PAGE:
Landing Wood Stork

Landing Wood StorkLanding Wood Stork – Nikon D200, handheld, f7.1, 1/750, ISO 200, Nikkor 80-400mm VR at 400mm, natural light

Wood Storks (Mycteria americana) are the largest wading bird in North America and the only stork that breeds in the U.S.. Wood Storks are considered endangered primarily due to loss of habitat. These huge wading birds can live up to 25 years.

Their diet consists of aquatic prey which includes fish, crabs and insects, they swish their bills in the water to locate prey as well as using their feet to stir up the water.

Wood Storks have been known to fly at altitudes of 6000 feet and will fly as far as 50 miles to eat.

This sub-adult Wood Stork was photographed at Fort De Soto’s north beach as the bird came in for a landing in a tidal lagoon edged by mangroves.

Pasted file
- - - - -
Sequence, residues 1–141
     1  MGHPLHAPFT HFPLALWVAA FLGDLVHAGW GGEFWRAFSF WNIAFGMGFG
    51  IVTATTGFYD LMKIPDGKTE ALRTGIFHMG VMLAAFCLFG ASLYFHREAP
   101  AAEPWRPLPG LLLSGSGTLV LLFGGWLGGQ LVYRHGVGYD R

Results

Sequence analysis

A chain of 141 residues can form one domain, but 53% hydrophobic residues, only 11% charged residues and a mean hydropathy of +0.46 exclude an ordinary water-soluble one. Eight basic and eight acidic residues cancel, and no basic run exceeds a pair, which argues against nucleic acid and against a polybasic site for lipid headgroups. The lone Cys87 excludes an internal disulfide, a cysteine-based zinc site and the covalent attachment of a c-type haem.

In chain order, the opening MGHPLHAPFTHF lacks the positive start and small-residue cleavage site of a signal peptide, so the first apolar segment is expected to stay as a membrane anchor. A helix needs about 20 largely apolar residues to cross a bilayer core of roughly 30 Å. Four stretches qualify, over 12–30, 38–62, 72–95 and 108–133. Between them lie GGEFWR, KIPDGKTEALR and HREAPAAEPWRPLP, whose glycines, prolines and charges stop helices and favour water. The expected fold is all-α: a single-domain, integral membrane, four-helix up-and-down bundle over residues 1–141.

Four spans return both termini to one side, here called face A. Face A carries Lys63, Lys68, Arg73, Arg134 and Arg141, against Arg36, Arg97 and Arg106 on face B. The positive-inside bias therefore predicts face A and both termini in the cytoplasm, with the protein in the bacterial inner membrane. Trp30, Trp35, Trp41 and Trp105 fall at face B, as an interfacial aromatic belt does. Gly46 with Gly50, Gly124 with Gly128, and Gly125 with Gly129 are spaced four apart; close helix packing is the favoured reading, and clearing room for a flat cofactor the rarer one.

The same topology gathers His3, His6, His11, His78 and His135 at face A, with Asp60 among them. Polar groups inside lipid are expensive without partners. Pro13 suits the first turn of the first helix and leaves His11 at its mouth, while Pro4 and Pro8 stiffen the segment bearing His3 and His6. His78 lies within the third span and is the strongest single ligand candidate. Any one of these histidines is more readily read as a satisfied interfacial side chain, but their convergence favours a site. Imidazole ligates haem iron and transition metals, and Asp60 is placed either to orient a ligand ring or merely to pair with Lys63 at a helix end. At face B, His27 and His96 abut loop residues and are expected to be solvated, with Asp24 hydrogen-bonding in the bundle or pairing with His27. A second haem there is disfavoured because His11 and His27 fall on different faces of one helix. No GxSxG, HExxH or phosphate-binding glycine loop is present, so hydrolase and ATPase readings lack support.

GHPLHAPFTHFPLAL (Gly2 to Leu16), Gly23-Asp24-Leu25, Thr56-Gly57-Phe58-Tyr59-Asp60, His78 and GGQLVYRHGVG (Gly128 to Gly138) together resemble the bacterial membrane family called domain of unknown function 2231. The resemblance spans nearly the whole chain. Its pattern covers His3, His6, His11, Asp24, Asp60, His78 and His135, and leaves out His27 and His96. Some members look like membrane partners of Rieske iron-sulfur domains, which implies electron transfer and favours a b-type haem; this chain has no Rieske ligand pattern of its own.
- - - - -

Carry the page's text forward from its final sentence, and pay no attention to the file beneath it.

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About Mia McPherson

I am a nature lover, wildlife watcher and a bird photographer. I first become serious about bird photography when I moved to Florida in 2004 and it wasn’t long before I was hooked (addicted is more like it). My move to the Salt Lake area of Utah was a great opportunity to continue observing their behavior and to pursue my passion for photographing birds.


  1. Perfect timing! I really like the wing display, too.

  2. I always enjoy seeing Wood Storks! Beautiful capture of the landing!

  3. Wow – I had no idea they land so gracefully. Look at that – hardly a splish-splash of water. A surreal capture, Mia.

  4. Great action shot, Mia.

  5. He is a stunning bird to look at. Love his colors. Carol

  6. A majestic capture of a majestic bird!

  7. Super photo Mia! One of those birds, like vultures, very interesting appearance

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